One of the critical elements for a culture of peace is social justice. Perceptions of injustice lead to discontent, non-cooperation, conflict, civil unrest, and war. Various aspects of the relationship between religion and science have been addressed by modern historians of science and religion, philosophers, theologians, scientists, and others from various geographical regions and cultures. Even though the ancient and medieval worlds did not have conceptions resembling the modern understandings of . Indian society is collectivistic and promotes social cohesion and interdependence. The traditional Indian joint family, which follows the same principles of collectivism, has proved itself to be an excellent resource for the care of the mentally ill.

Because of wide variations among religions it is not practical to speak in the singular as if all religions were the same. Although religions are found in every type of society, geographic region, and historical period, religious experience and practice has varied tremendously.

Relationship between social media and indian cultural collectivism

What is essential in some religions is absent or peripheral in others. Belief in gods or God is not universal to all religions, and, although most religions include prayer and rituals, these are not always present or central.

Despite the differences, there are some commonly shared aspects of religious experience. It has also been described as a means by which societies interpret life and develop and reinforce codes of morality and conduct in keeping with those interpretations and the requirements of community life.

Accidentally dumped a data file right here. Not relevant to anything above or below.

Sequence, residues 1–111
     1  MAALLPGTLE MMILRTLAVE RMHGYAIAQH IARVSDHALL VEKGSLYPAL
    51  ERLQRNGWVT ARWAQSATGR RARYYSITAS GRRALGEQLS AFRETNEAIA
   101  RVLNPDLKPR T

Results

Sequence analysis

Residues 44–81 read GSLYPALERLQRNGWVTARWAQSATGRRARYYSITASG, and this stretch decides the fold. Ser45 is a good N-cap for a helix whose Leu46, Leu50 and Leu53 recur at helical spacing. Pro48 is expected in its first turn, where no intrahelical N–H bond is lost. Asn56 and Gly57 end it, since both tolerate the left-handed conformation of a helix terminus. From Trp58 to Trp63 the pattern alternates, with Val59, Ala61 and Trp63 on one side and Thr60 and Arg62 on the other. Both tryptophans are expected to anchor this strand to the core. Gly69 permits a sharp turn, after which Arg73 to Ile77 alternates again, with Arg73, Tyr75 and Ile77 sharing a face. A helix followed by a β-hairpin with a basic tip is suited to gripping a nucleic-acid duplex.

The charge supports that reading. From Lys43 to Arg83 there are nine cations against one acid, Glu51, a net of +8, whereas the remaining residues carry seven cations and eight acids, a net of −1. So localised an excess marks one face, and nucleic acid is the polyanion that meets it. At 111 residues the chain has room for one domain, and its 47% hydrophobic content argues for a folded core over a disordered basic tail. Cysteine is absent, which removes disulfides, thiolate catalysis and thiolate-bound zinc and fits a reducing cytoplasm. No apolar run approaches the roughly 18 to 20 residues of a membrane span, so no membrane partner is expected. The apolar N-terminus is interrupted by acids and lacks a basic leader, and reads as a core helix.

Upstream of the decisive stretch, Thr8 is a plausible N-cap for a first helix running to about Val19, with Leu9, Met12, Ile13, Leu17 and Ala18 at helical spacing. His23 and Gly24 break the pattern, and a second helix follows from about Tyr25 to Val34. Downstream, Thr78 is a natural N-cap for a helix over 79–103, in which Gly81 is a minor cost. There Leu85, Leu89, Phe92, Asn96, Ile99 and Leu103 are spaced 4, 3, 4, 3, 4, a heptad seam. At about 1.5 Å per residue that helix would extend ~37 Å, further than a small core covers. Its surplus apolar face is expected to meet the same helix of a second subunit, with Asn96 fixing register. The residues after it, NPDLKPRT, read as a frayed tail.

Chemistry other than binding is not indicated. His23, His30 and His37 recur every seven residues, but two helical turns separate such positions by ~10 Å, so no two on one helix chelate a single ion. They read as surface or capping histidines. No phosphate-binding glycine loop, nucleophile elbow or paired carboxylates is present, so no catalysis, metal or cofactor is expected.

And it has been defined as: This is because perceptions of injustice—real, alleged, or imagined—are often significant causes of conflict and war, and because ideas and perceptions of justice play a key role in maintaining a stable peace.One of the critical elements for a culture of peace is social justice.

Perceptions of injustice lead to discontent, non-cooperation, conflict, civil unrest, and war. Perhaps the most important dimension of cultural difference in social behaviour, across the diverse cultures of the world, is the relative emphasis on individualism v.

collectivism. In the United States, the modern relationship between land tenure and the reservation system was formally established with the General Allotment Act of , known as the Dawes Act, and later with the Indian Reorganization Act. The social networking site, Facebook, has gained an enormous amount of popularity.

In this article, we review the literature on the factors contributing to Facebook use. Indian society is collectivistic and promotes social cohesion and interdependence.

The traditional Indian joint family, which follows the same principles of collectivism, has proved itself to be an excellent resource for the care of the mentally ill. Used 16 scenarios to measure tendencies toward horizontal or vertical, individualism or collectivism with a sample of Indian students (aged 19–25 yrs).

Indian family systems, collectivistic society and psychotherapy